A man who confessed to killing a young woman but was later acquitted of her murder has moved into the same street as the dead woman's mother.
The body of Katherine Sheffield, 23, was found at a farm in Mangonui, Northland in September 1994. Her throat had been cut and she had been buried in a shallow grave.
During a videotaped interview, Noel Clement Rogers confessed to police he killed Ms Sheffield and dumped her clothes in a long-drop toilet.
Mr Rogers was charged with murder but the video confession was ruled inadmissible as evidence and was not shown to the jury. He was acquitted after a High Court trial in 2005. The confession was later broadcast on national television after TVNZ won a Supreme Court decision.
Now Mr Rogers has moved into the same street as Judith Garrett, Ms Sheffield's mother, who was devastated to learn he now lived just 11 houses away from her Mangonui home.
"I was absolutely amazed. I had absolutely no idea he was living here. I'm feeling a bit worried at the moment. I can't believe that he's there," she said.
"It really is a very nice place to live. I love it here and I feel like I've only just settled ... I just want him gone. I don't care where he goes so long as he gets away from me."
Ms Garrett said she had yet to see Mr Rogers in the street and was nervous about the prospect.
"I don't know what I'd do if I bumped into him I don't think I could do anything, I'd probably just stand and stare ... it's a horrible thought."
She compared the situation to that of an Invercargill woman who was distressed when a man convicted of raping her moved in next door.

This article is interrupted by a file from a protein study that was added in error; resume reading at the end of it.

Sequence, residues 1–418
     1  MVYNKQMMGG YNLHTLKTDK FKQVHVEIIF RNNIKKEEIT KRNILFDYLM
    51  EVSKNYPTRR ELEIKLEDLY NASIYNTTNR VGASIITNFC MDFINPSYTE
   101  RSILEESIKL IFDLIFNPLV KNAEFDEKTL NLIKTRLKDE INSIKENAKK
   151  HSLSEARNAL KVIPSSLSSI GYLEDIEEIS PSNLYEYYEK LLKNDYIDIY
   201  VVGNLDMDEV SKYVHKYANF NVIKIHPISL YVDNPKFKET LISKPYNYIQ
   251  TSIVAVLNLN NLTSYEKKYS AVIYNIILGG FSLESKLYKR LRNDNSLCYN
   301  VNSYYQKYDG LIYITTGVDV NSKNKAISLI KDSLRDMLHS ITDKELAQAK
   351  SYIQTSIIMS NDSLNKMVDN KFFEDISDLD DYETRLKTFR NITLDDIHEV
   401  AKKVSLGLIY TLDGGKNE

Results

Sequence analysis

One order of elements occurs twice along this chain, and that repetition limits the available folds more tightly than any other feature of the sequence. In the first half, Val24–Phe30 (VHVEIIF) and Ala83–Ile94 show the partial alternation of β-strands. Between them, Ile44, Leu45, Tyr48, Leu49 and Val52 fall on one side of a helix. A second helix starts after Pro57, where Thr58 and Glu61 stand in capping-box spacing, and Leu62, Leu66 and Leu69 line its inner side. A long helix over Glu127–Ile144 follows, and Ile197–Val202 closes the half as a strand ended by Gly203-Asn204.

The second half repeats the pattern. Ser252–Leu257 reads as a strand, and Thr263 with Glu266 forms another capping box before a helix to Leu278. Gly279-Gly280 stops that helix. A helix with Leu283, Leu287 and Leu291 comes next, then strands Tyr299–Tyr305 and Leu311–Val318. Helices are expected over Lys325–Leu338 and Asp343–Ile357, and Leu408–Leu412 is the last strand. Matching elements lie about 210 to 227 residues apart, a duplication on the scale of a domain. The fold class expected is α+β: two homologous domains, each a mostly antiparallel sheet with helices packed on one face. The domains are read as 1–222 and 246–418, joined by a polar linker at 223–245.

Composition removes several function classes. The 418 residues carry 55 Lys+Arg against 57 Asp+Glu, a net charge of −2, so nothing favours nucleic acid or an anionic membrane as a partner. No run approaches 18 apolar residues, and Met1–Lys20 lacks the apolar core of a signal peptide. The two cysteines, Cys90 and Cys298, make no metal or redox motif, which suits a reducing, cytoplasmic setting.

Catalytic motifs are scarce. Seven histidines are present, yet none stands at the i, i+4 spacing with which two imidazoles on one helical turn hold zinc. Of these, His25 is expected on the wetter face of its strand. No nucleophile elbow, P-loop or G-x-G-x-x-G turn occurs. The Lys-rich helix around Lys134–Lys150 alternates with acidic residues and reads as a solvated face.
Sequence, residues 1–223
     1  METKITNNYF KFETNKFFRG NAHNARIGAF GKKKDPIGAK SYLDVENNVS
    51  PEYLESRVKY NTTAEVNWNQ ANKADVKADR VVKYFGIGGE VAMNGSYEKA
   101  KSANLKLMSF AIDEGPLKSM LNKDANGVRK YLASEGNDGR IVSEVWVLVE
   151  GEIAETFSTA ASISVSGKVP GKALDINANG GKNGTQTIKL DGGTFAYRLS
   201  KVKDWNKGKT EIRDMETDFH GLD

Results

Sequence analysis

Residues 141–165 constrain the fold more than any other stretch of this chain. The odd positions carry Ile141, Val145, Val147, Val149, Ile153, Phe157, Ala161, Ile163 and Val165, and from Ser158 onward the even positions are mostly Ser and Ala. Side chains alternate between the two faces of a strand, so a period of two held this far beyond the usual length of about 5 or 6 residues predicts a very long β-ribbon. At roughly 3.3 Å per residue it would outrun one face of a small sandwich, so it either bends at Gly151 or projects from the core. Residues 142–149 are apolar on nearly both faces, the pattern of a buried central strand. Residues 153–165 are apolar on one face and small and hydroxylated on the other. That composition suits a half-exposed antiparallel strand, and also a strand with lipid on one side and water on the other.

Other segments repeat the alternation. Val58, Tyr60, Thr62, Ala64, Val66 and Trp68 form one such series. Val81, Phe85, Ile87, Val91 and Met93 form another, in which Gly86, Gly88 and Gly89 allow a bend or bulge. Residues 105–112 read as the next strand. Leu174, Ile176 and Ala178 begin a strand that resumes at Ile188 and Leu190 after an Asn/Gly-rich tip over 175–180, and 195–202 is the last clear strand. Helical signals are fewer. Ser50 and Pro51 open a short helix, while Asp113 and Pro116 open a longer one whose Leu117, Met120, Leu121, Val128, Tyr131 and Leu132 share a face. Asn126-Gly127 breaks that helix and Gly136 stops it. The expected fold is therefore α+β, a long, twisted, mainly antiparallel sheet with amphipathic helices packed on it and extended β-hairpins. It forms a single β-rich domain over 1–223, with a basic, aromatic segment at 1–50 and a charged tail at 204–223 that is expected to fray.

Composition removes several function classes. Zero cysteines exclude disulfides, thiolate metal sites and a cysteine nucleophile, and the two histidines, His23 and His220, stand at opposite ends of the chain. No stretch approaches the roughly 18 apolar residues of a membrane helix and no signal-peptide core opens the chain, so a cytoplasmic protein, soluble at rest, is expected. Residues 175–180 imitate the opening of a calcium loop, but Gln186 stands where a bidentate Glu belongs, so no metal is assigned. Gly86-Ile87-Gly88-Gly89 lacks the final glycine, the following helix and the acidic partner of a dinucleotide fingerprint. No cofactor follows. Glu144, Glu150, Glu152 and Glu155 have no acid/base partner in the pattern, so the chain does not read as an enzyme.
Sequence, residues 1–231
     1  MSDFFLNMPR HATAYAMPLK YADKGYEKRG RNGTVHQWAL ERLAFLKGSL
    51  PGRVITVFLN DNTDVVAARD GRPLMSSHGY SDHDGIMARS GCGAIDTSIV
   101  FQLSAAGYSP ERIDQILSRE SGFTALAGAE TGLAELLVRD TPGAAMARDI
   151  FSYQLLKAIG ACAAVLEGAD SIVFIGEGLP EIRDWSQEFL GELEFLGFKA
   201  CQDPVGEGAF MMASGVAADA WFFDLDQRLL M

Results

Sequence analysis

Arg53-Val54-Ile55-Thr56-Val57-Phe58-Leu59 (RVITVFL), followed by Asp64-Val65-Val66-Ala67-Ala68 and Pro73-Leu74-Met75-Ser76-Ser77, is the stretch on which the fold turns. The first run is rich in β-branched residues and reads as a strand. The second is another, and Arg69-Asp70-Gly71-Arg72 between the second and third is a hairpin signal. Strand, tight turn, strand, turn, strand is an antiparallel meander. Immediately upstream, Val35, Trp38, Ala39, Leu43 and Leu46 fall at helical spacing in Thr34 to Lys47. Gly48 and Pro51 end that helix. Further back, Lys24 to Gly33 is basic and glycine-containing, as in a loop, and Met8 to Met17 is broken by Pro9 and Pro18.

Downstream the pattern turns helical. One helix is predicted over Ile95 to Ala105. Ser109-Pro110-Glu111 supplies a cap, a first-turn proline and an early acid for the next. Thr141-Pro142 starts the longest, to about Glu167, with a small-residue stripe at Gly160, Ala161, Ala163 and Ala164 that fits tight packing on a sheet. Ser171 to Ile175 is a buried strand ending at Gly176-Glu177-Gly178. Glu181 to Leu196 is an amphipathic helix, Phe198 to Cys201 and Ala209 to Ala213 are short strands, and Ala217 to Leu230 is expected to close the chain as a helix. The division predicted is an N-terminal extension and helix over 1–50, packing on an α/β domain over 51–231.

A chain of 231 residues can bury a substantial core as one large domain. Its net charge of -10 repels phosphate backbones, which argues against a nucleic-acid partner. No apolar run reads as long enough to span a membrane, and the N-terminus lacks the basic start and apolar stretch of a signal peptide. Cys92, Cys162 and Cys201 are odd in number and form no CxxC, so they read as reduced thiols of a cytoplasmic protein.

Ms Garrett's partner Angus Fisk has distributed flyers warning people Mr Rogers was living there.
Mr Fisk said: " The response from neighbours has been of shock and alarm. There has been no response from Noel. We'll just see what happens there."
Mr Rogers moved into a house occupied by Dave More, who said he had known him for years.
"Noel is no trouble here," Mr More said. "Those people down the street just like to stir. I know it's her daughter he's been acquitted of killing. He doesn't hassle them or do nothing in this street. He just walks down to the shop."
Mr Rogers could not be contacted last night.
Lawyer and civil rights specialist Michael Bott said cases such as this often were difficult emotionally, but since he was acquitted of the crime and never convicted he was free to live wherever he wanted to.
"I would question his motives for doing so though. Why would you want to? I wouldn't and I think most people wouldn't, but it's [a] question for him."
As uncomfortable as it was for the community he was free to live wherever he wanted to.
Justice Minister Judith Collins would not discuss the Northland case but said the Harassment Act 1997 provided protection for people who were being harassed. "Protecting the rights of victims is something this Government takes extremely seriously - it stands by its commitment to putting victims' needs at the heart of our justice system."
- Additional reporting Northern Advocate